The ultimate goal of Johannes Haushofer's work: alleviating poverty.
Haushofer, an assistant professor of psychology at Princeton University, works toward that goal with a combination of lab and field research that explores the relationships among poverty, psychological well-being and economic decision-making.
"In particular I've been interested over the past few years in the question of whether poverty causes stress and whether stress might lead to economic decision-making that is short-sighted and risk-averse, which keeps people trapped in poverty," said Haushofer, who joined the faculty in 2014.
Eldar Shafir, the Class of 1987 Professor in Behavioral Science and Public Policy and a professor of psychology and public affairs, said Haushofer takes an interdisciplinary approach to important questions.
"Johannes' work is exemplary of a new generation, whose research straddles disciplines and methodologies — from economics to neuroscience to the behavioral sciences, from the lab to the field, from experimental interventions to naturally occurring observations, and from purely theoretical questions to applied attempts to improve social conditions," Shafir said.
And that's how he was best known until April 23, when he sent out this tweet:
The idea — which began with a 2010 article in Nature by neuroscientist Melanie Stefan — is to capture your professional failures in the same way a conventional CV highlights accomplishments.
Among Haushofer's entries: half a dozen degree programs he didn't get into, academic positions he didn't land, paper rejections from academic journals and grants he didn't receive.
To Haushofer's surprise, his CV of Failures became a viral sensation, sparking media coverage by the BBC, Vox, the Washington Post, Buzzfeed, the Guardian and countless more.
"I had two reactions. One was that it seemed to strike a chord with a lot of people and be useful to a lot of people, especially students and fellow young academics," said Haushofer, who received about 200 emails in response to the posting. "I was happy and grateful for that.
"The other reaction was bewilderment and amusement over quite how big it became. I expected most people know that all scientists fall on their nose all the time. I didn't think it was particularly remarkable."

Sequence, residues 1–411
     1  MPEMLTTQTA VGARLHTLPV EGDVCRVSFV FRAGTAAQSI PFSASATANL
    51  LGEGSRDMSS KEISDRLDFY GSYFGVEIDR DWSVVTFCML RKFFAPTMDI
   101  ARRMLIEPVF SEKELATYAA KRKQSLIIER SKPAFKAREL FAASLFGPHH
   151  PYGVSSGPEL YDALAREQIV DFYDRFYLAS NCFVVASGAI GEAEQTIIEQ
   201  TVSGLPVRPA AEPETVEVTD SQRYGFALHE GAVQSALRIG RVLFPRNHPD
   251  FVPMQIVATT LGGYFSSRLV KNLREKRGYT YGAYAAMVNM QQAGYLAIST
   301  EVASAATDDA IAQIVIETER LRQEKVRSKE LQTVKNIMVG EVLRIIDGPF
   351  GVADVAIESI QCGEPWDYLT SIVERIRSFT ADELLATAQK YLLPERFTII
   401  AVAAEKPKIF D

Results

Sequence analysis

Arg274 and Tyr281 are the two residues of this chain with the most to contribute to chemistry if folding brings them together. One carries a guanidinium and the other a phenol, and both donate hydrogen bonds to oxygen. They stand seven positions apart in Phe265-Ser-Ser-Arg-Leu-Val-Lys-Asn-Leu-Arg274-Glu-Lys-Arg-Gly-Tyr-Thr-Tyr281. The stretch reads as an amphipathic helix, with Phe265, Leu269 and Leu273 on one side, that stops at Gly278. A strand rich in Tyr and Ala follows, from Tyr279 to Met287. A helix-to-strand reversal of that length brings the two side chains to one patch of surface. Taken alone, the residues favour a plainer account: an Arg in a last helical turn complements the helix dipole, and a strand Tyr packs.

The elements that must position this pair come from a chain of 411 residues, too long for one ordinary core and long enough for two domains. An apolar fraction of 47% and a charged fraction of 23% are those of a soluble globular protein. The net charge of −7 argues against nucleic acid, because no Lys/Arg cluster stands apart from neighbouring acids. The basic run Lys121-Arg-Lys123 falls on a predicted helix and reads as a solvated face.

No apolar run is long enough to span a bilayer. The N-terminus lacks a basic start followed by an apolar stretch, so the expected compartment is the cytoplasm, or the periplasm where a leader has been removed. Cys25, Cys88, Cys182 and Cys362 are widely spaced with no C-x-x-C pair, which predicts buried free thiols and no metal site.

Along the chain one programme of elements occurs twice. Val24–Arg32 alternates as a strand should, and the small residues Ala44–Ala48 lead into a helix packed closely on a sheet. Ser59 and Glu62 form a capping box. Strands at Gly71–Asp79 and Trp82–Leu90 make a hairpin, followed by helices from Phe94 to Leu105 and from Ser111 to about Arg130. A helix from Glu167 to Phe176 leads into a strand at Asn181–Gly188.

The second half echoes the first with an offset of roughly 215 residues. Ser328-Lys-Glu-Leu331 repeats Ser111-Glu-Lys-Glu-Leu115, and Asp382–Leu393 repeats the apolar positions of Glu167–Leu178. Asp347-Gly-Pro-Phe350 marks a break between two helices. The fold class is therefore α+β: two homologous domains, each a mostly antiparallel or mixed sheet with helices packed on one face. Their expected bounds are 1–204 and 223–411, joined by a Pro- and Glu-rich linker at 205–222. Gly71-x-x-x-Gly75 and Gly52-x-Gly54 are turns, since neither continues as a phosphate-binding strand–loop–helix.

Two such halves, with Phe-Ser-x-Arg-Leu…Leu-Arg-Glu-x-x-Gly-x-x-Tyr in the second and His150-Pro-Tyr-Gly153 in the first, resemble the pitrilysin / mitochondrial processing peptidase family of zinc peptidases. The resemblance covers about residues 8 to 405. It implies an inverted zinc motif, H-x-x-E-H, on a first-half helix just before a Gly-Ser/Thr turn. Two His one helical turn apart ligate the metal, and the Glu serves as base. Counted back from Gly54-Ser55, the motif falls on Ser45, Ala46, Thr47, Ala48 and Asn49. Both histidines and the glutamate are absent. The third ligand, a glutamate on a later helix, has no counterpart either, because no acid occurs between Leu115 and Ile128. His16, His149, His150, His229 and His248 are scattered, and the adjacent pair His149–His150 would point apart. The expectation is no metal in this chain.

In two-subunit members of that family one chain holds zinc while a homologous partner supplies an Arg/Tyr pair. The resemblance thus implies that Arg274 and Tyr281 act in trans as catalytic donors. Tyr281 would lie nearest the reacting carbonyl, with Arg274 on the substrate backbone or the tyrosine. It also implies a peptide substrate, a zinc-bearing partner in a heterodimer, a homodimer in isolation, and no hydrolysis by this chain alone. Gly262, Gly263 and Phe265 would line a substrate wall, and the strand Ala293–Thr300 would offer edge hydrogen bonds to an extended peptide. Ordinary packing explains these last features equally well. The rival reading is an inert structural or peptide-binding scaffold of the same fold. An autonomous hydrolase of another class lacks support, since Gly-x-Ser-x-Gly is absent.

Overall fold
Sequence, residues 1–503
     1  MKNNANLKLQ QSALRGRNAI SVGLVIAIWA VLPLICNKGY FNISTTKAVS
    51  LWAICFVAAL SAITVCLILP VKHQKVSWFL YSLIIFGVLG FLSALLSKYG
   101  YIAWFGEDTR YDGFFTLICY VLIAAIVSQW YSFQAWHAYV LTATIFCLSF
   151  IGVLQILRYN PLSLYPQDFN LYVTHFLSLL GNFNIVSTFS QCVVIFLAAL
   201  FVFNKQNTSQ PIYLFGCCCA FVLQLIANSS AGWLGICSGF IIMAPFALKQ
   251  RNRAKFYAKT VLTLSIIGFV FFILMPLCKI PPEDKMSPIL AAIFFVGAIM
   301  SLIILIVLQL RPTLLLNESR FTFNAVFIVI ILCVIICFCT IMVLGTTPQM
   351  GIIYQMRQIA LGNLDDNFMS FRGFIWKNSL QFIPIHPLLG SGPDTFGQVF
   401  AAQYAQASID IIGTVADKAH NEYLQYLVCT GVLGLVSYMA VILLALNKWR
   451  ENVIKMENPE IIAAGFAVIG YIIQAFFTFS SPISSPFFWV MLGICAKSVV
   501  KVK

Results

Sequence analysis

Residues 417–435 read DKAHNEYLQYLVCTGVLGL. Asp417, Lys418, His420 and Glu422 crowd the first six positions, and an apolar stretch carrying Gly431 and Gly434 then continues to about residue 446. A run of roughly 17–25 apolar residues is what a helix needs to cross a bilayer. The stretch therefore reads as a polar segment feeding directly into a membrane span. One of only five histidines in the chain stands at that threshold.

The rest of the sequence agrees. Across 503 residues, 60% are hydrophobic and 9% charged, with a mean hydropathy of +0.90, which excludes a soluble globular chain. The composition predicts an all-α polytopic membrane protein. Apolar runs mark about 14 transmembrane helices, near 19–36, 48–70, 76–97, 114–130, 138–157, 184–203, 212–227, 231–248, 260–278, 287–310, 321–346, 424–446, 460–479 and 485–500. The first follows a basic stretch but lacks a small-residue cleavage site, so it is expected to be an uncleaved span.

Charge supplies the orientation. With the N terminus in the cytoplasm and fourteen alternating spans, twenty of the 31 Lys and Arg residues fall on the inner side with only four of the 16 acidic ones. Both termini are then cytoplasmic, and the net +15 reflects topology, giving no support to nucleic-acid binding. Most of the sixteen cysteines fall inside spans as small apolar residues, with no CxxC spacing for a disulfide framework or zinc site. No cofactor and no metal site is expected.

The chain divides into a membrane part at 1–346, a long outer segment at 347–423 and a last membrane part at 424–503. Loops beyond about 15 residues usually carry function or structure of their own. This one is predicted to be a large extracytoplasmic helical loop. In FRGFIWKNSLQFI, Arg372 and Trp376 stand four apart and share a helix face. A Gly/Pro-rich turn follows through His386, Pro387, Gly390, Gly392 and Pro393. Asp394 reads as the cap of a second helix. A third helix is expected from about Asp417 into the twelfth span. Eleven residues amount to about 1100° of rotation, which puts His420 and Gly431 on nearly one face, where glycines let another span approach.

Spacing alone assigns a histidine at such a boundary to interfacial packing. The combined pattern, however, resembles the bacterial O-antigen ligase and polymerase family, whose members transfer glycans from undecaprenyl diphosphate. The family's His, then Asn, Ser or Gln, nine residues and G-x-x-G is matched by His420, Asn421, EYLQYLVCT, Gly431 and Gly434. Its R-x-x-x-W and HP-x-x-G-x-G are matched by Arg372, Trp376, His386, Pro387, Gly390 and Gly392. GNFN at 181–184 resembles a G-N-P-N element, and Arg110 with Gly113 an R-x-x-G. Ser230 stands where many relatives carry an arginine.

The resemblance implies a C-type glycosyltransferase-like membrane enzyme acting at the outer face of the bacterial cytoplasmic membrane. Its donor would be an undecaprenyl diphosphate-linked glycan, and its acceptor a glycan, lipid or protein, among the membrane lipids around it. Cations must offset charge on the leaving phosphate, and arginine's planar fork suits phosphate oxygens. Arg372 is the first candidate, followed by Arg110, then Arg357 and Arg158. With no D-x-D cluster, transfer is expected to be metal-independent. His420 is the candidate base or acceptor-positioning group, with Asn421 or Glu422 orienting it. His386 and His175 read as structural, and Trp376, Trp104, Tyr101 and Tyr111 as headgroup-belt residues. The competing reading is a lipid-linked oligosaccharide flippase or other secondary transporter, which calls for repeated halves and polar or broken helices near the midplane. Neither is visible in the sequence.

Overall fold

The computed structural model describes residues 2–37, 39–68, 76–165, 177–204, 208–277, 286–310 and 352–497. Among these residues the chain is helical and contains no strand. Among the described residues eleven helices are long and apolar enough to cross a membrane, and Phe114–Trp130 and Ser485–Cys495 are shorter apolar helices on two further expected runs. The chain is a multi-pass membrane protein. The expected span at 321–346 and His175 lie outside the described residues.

Back on Twitter, he reacted with good humor to all the exposure.
But his focus remains on his research, much of which takes place in Kenya.
As part of his work there, Haushofer has examined the effects of unconditional cash transfers — large amounts of money given to the poor with no strings attached. People who receive the money report they are happier, less stressed and less depressed, and some evidence suggests they show lower levels of cortisol, the body's primary stress hormone. That evidence points to a causal relationship between poverty and stress.
Haushofer has also conducted lab experiments in which participants were mildly stressed and then asked to make economic choices — such as accepting a smaller amount of money immediately or a larger amount later.
"In these types of choices, when people are stressed, they're much more impatient," Haushofer said. "That suggests they're more interested in immediate outcomes rather than long-term rewards that might be more advantageous on the whole."
But how do you break that cycle of poverty, stress and decision-making? In a new project in Kenya, Haushofer will examine whether cognitive behavioral therapy — an approach commonly used in psychotherapy that focuses on changing patterns of thinking or behavior — can improve not just psychological well-being but economic outcomes as well by reducing stress that leads to poor economic decisions.
"It's asking whether psychotherapy can be an economic intervention rather than just a psychological one," he said.
Haushofer's lab-based work in Kenya takes place at the Busara Center for Behavioral Economics in Nairobi, which he established in 2011 to facilitate his work and that of others who examine understudied countries and populations. The center has now grown to have a core staff of 50 people and offices in Kenya, the United States, Kenya, Uganda and Ethiopia.
On campus, Haushofer brings the lessons of his research into the classroom. In recent years, he has taught seminars for undergraduates on the psychology of poverty and related courses for graduate students. He also advises juniors and seniors working on independent research, some of whom design and oversee experiments conducted at the Busara center in Kenya.
Victoria Hammarskjold, a member of the Class of 2016, worked with Haushofer on her senior thesis, which explored how peoples' decision-making about delayed rewards changes if the larger, delayed reward comes with an added "cost of keeping track," a requirement to complete a related task before receiving the reward.
"Every meeting that we had was filled with new ideas and much brainstorming," Hammarskjold said. "I very much appreciated how he welcomed and encouraged the development of my own ideas and theories related to the cost of keeping track."
In his own work and that of students he advises, Haushofer said it is important to remember that the effects of poverty can happen to anyone who finds themselves struggling economically.
"This work isn't blaming the poor for their poverty," he said. "Instead it's asking whether poverty has particular psychological consequences that would apply to anyone if they found themselves in that situation."